He landed at Ouidah between two and three of a murky May afternoon
smelling of mangrove and dead fish.  A band of foam stretched as far
as the eye could reach.  Inland, there were tall grey trees which, at
a distance of three miles, anyone might mistake for waterspouts.  He
was the only passenger on the canoe: the crew knew better than to set
foot in the Kingdom of Dahomey.

On The Black Hill

Every morning their alarm went off at six.  They listened to the
farmers' broadcast as they shaved and dressed.  Down-stairs, they
tapped the barometer, lit the fire and boiled a kettle for tea.  Then
they did the milking and foddering before coming back for breakfast.

All the birds were silent in the sillness that precedes a storm.
Thistledown floated upwards, and a shriek tore out across the valley.
The labour pains had begun...

The oarsman was a boy in a red-striped blazer; and in the stern, half-
hidden under a white parasol, sat a girl in a lilac dress.  Her fair
hair hung in thick tresses, and she trailed her fingers through the
lapping green wavelets.

She was a good woman who hoped the world was not as bad as everyone
said.  She had a bad heart brought on by poverty and overwork...
...She never forgot an insult and she never forgot a kindness.  She
felt crushed and ashamed -- ashamed of her boys and ashamed of being
ashamed of them.

The Reverend Thomas Tuke was a classical scholar of private means...
...He knew the whole of Homer by heart: each morning, between a cold
bath and breakfast, he would compose a few hexameters of his own...
...Most of the women were in love with him -- or transported by the
timbre of his voice.

The Songlines

...the labyrinth of invisible pathways which meander all over
Australia and are known to Europeans as 'Dreaming-tracks' or
'Songlines'; to the Aboriginals as the 'footprints of the Ancestors'
or the 'Way of the Law'.

...over the continent in the Dreamtime, singing out the name of 
everything that crossed their path -- birds, animals, plants, rocks,
waterholes - and so singing the world into existence.

...an Aboriginal family on the move...lean, angular people...they 
went about naked...their skin very black, not the glitterblack of
negroes but matt black, as if the sun had sucked away all possiblity
of reflection...the woman carried a dilly-bag and a baby at her breast.

...Aboriginals had an earthbound philosophy.  The earth gave life to a
man; gave him his food, language and intelligence; and the earth took
him back when he died... ...the land left untouched...as it was in the
Dreamtime when Ancestors sang the world into existence.

...when they wished to thank the earth for gifts, they would simply
slit a vein in their forearms and let their own blood spatter the

...a song...was both map and direction-finder...song is a kind of 
passport...a distance between two such sites can be measured as a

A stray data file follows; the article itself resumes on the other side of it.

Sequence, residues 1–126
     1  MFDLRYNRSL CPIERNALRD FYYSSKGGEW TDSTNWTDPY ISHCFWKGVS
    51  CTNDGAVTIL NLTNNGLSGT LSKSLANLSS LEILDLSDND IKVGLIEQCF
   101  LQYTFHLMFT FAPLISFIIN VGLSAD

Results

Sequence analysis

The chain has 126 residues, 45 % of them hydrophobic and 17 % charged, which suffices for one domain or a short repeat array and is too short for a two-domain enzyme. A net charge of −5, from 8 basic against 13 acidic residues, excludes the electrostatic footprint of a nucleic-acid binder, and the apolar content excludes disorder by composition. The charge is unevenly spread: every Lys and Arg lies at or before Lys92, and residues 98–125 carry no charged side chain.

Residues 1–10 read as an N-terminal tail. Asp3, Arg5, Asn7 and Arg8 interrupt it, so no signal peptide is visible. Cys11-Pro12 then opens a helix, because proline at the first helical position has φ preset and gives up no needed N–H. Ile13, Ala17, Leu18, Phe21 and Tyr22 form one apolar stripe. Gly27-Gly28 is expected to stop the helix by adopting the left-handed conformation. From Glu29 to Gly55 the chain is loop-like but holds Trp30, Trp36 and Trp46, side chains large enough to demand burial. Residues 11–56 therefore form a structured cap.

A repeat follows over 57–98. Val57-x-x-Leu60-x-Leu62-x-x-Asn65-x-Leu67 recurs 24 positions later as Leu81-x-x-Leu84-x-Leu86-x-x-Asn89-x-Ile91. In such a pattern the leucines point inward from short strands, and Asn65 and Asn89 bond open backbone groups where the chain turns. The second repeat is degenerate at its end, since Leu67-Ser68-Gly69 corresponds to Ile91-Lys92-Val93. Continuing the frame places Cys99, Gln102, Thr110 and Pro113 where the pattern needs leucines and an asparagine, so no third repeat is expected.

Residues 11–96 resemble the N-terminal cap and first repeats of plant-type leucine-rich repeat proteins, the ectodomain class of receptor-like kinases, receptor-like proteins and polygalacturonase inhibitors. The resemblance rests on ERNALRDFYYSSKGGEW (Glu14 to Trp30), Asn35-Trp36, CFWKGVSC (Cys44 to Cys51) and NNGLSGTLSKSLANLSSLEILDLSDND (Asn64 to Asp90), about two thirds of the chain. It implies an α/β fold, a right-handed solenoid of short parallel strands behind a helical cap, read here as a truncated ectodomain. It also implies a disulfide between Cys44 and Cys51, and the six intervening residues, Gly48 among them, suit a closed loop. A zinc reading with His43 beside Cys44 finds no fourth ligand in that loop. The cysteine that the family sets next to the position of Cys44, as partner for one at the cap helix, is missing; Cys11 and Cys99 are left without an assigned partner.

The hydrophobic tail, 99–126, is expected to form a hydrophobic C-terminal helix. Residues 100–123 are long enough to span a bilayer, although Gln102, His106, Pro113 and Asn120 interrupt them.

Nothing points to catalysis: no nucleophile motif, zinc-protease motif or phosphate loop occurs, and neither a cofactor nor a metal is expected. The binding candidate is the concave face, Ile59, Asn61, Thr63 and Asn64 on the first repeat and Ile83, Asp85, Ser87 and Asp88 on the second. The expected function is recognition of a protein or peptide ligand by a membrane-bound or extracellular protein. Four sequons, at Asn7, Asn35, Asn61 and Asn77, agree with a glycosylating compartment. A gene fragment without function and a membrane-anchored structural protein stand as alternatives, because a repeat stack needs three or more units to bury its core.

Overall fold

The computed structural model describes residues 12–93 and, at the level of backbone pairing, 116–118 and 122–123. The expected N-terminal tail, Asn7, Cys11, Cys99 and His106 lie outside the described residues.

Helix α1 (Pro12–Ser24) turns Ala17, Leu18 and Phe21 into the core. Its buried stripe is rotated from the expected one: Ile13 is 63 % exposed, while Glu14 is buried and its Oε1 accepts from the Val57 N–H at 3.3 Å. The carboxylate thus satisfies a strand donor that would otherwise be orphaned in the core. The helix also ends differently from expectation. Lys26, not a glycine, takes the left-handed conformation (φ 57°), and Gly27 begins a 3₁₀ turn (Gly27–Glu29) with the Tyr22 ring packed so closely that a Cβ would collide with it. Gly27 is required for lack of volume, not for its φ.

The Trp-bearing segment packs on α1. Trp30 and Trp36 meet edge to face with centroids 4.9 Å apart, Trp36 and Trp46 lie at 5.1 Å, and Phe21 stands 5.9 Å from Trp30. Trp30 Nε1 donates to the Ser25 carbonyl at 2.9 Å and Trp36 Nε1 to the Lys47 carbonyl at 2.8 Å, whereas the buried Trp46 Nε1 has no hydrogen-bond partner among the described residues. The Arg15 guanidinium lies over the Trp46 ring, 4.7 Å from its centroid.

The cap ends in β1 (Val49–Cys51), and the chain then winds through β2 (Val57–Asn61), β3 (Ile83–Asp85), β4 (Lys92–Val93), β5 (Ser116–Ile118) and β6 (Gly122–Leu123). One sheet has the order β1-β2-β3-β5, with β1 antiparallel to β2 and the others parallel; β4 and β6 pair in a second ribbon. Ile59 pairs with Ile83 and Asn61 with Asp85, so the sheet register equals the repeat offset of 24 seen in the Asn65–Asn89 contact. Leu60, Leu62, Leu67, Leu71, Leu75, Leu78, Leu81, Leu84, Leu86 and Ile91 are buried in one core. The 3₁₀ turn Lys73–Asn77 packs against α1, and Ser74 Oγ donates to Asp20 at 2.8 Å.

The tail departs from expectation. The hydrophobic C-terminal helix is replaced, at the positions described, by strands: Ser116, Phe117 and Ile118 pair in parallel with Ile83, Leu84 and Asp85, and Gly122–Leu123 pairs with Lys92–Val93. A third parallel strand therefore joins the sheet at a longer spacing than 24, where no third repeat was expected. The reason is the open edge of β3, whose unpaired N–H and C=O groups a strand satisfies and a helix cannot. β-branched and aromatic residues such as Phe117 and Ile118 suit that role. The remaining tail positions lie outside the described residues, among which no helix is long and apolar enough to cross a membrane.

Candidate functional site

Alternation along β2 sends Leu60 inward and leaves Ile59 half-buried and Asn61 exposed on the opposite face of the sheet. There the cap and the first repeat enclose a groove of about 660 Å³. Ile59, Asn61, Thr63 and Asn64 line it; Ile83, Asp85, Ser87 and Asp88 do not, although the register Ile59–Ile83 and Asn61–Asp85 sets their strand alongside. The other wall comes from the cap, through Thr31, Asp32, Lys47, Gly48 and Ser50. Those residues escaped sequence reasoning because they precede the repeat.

stretch of song... 'Walkabout' was making a ritual journey...in the
Dreamtime, the country had not existed until the Ancestors sang it...
to exist is to be perceived.

...the Pintupi were the last 'wild tribe' to be brought in out of the
Western Desert...late 1950's...forage naked in the sand hills...
carefree and open-minded people...always laughing...she tells her tale
in a patter of staccato bursts...traces the Ancestor's 'foot prints'
...double dotted line on the ground...erases each scene...palm of hand
...makes a circle with a line passing through it...marks the spot
where the Ancestor, exhausted by the labours of Creation, has gone
'back in'.

...the baby's first kick...corresponds to the moment of 'spirit-
conception'...mother-to-be then marks the spot and rushes off to fetch
the Elders...interpret the lie of the land and decide which Ancestor
walked that way...stanzas will be the child's private property...
reserve him a 'conception site'...coinciding with the nearest
landmark on the Songline...


...in Prague, I asked a friend, a historian who specialized in the
Iron Curtain countries, if there was anyone he'd recommend me to see.
He replied that Prague was still the most mysterious of European
cities, where the supernatural was always a possibility.

...Utz was the owner of a spectacular collection of Meissen porcelain
which, through his adroit manoeuvres, had survived the Second World
War and the years of Stalinism in Czechoslovakia.

Utz and I spent the rest of the afternoon strolling through the thinly
peopled streets of Mala Strana, pausing now and then to admire the
blistering facade of a merchant's house, or some Baroque or Rococo
palace - the Vrtba, the Palffy, the Lobkovic: he recited their names
as though the builders were intimate friends.

Chinese porcelian, he continued, was one of those legendary
substances, like unicorn horn or alchemical gold, for which men hoped
to drink the Fountain of Youth.  A porcelian cup was said to crack or
discolour if poison were poured into it.

What did I know of the homunculus of Paracelsus?  Nothing?  Well,
Paracelsus had claimed to create a homunculus from a fermentation of
blood, sperm and urine.  'A kind of test-tube baby?'  'More probably
a kind of golem...'

I unlatched a wicket-gate.  A snow-white gander flapped towards me,
craning his neck and hissing.  An old peasant woman came to the door.
She wore a flowered housecoat, and a white scarf low over her